Paula captured my pic, and was there to give me a high-5. It took a few minutes for it all to sink in.....that I had just finished a duathlon! I had endured 20 miles on a (borrowed) bike, going upwards of 25mph at times, and survived!
All done!  I finished!
We walked around for a bit, chatting with some of the other racers. My calf was feeling better, but still a little wonky. Paula said her left calf had been bothering her also. Coincidence?
Our campsite post-du....kind of a hot mess
They announced the top finishers, and Paula got 1st in our age group! She was surprised, but I wasn't....she's a strong biker chick!

Paula was a rockstar!

So, what do I think of doing a du? Bottom line, it was a great challenge!  It definitely got me out of my comfort zone, on so many levels. I went into this event not so much as a "racer" hoping for a fast finish, but as an eager "participant" testing the waters. Having no idea how I'd do on the bike, I estimated 90 minutes for the biking leg (20 miles with hills, humidity, heat and plenty of wind). I knew I could run the 5K anywhere between 25:00-26:30, and the final 1.5 mile approximately 15 me an estimated total finish time of 2:11ish, adding an extra miscellaneous minute or two for the (2) transitions would put me in around 2:13 (but I was hoping to finish under 2 hours if possible).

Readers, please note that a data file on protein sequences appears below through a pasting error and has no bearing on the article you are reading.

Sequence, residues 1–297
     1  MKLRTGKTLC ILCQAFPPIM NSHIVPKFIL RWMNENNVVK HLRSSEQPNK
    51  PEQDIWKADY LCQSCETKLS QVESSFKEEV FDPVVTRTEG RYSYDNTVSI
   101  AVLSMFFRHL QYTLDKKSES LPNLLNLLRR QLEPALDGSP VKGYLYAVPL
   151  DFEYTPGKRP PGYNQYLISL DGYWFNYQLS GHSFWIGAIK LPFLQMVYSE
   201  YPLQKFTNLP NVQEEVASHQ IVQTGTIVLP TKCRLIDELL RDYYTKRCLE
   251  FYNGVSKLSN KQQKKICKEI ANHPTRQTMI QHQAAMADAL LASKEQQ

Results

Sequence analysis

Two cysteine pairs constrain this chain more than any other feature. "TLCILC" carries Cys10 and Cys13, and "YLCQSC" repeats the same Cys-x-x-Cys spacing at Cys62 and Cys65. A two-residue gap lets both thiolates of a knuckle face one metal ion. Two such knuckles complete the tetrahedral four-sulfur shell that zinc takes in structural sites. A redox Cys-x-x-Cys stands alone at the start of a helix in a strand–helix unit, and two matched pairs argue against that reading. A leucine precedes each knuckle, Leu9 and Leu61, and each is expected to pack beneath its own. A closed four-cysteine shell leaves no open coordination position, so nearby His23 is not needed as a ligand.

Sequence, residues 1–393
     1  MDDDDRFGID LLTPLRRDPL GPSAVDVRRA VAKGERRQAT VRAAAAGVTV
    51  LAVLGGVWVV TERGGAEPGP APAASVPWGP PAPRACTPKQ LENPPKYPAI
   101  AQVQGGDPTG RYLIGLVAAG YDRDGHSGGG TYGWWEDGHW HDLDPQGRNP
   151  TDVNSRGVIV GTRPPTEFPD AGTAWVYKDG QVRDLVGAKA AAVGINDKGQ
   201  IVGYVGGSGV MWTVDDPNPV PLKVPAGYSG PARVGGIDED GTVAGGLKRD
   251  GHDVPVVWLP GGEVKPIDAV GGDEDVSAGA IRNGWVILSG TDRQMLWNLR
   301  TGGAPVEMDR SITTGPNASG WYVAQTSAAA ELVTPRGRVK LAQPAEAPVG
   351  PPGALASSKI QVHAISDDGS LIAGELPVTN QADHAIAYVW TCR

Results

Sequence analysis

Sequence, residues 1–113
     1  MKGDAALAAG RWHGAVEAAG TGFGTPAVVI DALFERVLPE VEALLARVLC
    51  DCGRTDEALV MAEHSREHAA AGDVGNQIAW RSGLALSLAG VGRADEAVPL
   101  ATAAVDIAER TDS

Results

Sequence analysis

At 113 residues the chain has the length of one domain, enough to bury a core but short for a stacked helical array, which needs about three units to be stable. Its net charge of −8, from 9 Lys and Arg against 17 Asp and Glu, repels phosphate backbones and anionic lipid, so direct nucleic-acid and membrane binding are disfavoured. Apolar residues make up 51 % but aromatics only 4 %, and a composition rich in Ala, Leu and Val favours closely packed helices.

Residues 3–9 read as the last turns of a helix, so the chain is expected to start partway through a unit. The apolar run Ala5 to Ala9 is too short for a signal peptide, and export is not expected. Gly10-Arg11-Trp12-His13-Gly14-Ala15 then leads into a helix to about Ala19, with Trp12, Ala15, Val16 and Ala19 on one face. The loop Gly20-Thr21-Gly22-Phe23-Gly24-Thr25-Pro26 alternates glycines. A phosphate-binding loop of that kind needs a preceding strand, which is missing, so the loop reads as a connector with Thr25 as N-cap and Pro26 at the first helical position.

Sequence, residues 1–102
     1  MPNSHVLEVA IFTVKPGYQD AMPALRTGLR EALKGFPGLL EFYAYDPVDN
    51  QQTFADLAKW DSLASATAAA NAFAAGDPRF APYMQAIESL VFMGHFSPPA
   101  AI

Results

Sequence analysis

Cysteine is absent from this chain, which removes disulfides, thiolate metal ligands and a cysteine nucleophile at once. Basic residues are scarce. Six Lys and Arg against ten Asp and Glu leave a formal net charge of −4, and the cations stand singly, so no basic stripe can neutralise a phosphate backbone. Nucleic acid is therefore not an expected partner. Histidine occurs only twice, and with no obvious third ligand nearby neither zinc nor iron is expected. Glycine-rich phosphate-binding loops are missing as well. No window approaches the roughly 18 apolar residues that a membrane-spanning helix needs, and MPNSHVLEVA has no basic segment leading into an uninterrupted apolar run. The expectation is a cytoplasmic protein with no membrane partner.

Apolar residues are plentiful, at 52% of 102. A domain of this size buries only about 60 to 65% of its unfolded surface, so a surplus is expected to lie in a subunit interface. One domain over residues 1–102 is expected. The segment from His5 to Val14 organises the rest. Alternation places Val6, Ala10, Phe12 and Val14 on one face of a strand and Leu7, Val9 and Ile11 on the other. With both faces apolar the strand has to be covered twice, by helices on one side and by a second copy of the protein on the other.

I LOVE the race shirts!

I have not yet seen the official results with our splits. According to my watch, I ran the 5K around 26:35, made it to the bike turnaround (at 10 miles) with 1:07 on the watch, back to the transition (from finishing the total 20 miles) in 1:44, then final finish time of 1:58:28. My observations...the 5K took a little longer than I'd liked (but I stopped and walked briefly), I was happy to see the negative split on the out & back of the bike leg (which includes that brief stop at the turnaround when my calf muscle screamed at me), the final 1.5 mile leg felt very SLOW (for myself, and it looked like it was for most of the others as well)...but running it in 14 minutes (and some change) was still under a 10-minute pace, actually a decent pace considering my legs felt like they were never gonna move again.